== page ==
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    Posted May 29, 2014 by
    mwainstock
    Location
    Rio de Janeiro, Brazil

    THE WORLD CUP: EVEN IN WINNING, WE WILL NOT BE CHAMPIONS

     
    THE WORLD CUP: EVEN IN WINNING, WE WILL NOT BE CHAMPIONS
    Mauro Wainstock
    Journalist
    Rio de Janeiro- Brazil
    mauro.wainstock@gmail.com

    Milton Friedman, the Nobel Prize winner in Economics, hit the nail right on the head when he said: "If you put the government in charge of running the Sahara Desert, within 5 years, sand will have gone missing" Since 2010, Brazil has invested R$ 825.3 billion in education and health. I really don’t know whether it’s little or whether it’s a lot; what I am sure of, is that these amounts are either insufficient or are being badly used. This is just one example of mismanagement of public money that is wasted by corruption and diluted by incompetence.
    On the other hand, since 2007, Brazil has won the right to stage international events such as the Pan American Games, the World Military Games, Rio + 20 (United Nations Conference on Sustainable Development), the World Youth Games and the Confederations Cup. The challenges ahead will be the World Cup, the Olympics and the World University Games in 2019. All this is without even considering the visit to Brazil of Pope Francis and economic turnover generated by Rock in Rio. In a study conducted by Ernst & Young in partnership with the Getulio Vargas Foundation, it was estimated that the financial impact, with just the World Cup, will be R$ 142 billion by the end of 2014.
    What is the relationship of essential services to the events mentioned? An institutional comment came from Sports Minister Aldo Rebelo: "Since Brazil won the right to host the World Cup, government investment in education almost tripled and that for health, more than doubled". This very incongruity, between political theory and pragmatic popular sentiment explains why, from the beginning of the organization of these events, recent waves of demonstrations have intensified. Since they are legitimate, protests are valid. They will also be fair whenever they demand a "FIFA standard" of collective behavior.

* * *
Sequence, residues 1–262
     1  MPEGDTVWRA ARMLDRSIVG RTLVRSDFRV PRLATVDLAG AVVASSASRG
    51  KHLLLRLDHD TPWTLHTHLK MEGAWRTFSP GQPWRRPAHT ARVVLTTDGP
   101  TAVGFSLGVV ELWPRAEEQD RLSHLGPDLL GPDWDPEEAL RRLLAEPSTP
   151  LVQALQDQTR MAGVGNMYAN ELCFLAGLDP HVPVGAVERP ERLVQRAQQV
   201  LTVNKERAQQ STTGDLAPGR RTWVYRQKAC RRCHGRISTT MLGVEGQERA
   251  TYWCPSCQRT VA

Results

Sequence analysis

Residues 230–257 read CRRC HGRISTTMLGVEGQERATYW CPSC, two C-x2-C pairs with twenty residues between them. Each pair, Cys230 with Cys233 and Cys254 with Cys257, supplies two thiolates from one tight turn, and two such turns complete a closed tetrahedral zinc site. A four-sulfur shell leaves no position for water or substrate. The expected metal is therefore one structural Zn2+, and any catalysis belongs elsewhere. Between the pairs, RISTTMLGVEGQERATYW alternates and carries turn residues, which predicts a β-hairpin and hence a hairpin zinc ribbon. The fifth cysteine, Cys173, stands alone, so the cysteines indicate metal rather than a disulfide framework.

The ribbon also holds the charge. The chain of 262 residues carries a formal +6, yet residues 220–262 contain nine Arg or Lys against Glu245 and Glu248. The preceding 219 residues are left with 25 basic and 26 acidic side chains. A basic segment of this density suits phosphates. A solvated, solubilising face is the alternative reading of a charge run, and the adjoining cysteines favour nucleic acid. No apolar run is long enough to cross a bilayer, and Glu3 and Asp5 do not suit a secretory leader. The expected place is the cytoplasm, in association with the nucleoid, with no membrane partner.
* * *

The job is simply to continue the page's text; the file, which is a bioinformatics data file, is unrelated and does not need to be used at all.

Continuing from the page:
Organized social mobilization should be widely encouraged, but ingenuity is unforgivable. We must be careful so as not to raise flags typical of professionalized profiteers or post messages of the “I am against everything” kind, typical of political vandalism. These simply stifle reasoning and curtail coherence. They inhibit the sincere movement for transformation, contributing solely to terrorizing the future and maintaining harmful passivity. On the other hand, such pressing societal change prior to this, goes through reviews on individual attitudes. In the final analysis, all our rhetoric is inconsistent, if, as Brazilians, we burn "order" and we rip up the "progress" which are stamped on the symbols of our patriotism; and if, as citizens, we act as vigilantes beating the revolt in the peripheries of violence, smashing green signs of those who simply want to move forward and murdering healthy sports debate with flying toilet bowls. These should actually clean the budget overpricing from the stadiums. Or, powered by personal interests, act to "take advantage of everything," as a TV commercial proclaimed in the 70s, which starred Gerson, he of that famed left foot.
    Undoubtedly, without question, the World Cup is not responsible for the ills that have afflicted us seemingly forever. And make no mistake: the growing disillusionment with public leaders and the deep discontent with basic services is not instantly solved by a simple “abracadabra”, for all the magic that we might have in the "Cup of all Cups".